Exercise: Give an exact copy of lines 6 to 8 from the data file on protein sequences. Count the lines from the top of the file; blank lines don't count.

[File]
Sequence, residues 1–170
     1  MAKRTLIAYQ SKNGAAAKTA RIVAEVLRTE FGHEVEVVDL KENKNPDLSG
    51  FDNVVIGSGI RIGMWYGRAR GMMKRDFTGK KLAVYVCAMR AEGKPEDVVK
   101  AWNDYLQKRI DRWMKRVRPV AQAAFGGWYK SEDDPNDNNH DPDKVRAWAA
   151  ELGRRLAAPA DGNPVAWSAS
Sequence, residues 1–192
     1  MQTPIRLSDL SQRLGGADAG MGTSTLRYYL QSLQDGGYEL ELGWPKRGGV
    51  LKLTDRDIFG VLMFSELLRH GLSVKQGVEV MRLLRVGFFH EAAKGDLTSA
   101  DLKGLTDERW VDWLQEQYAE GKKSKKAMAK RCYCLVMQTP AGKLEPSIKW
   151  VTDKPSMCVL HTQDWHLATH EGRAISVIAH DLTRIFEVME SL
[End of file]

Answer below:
Sequence, residues 1–192
     1  MQTPIRLSDL SQRLGGADAG MGTSTLRYYL QSLQDGGYEL ELGWPKRGGV
    51  LKLTDRDIFG VLMFSELLRH GLSVKQGVEV MRLLRVGFFH EAAKGDLTSA